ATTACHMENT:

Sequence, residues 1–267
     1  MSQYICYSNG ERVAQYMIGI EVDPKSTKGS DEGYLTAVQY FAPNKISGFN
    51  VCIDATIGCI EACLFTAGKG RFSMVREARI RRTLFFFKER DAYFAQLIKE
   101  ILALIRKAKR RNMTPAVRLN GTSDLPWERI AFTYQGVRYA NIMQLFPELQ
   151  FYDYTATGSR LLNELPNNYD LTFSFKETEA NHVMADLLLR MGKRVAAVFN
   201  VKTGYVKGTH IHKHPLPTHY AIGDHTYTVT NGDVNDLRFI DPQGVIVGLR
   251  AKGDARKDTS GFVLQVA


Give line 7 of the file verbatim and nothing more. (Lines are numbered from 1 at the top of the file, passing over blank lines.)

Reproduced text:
   251  AKGDARKDTS GFVLQVA